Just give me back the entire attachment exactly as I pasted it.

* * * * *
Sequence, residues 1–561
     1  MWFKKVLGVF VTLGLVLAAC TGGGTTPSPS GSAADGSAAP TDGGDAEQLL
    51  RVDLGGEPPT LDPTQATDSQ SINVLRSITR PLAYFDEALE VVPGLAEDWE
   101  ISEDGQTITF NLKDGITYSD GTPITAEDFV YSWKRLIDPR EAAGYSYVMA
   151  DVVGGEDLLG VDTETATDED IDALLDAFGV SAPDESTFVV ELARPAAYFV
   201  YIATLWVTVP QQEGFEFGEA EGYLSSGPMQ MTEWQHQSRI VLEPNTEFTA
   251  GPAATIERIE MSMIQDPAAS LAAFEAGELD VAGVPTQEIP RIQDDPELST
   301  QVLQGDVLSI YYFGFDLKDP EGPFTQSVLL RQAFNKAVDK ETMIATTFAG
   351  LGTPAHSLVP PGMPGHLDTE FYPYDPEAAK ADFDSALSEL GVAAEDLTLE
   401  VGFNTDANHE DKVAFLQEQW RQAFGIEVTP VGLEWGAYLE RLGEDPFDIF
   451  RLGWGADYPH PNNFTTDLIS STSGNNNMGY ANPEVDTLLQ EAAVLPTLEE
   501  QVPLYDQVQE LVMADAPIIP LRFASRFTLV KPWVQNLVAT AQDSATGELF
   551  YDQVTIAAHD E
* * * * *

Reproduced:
Sequence, residues 1–561
     1  MWFKKVLGVF VTLGLVLAAC TGGGTTPSPS GSAADGSAAP TDGGDAEQLL
    51  RVDLGGEPPT LDPTQATDSQ SINVLRSITR PLAYFDEALE VVPGLAEDWE
   101  ISEDGQTITF NLKDGITYSD GTPITAEDFV YSWKRLIDPR EAAGYSYVMA
   151  DVVGGEDLLG VDTETATDED IDALLDAFGV SAPDESTFVV ELARPAAYFV
   201  YIATLWVTVP QQEGFEFGEA EGYLSSGPMQ MTEWQHQSRI VLEPNTEFTA
   251  GPAATIERIE MSMIQDPAAS LAAFEAGELD VAGVPTQEIP RIQDDPELST
   301  QVLQGDVLSI YYFGFDLKDP EGPFTQSVLL RQAFNKAVDK ETMIATTFAG
   351  LGTPAHSLVP PGMPGHLDTE FYPYDPEAAK ADFDSALSEL GVAAEDLTLE
   401  VGFNTDANHE DKVAFLQEQW RQAFGIEVTP VGLEWGAYLE RLGEDPFDIF
   451  RLGWGADYPH PNNFTTDLIS STSGNNNMGY ANPEVDTLLQ EAAVLPTLEE
   501  QVPLYDQVQE LVMADAPIIP LRFASRFTLV KPWVQNLVAT AQDSATGELF
   551  YDQVTIAAHD E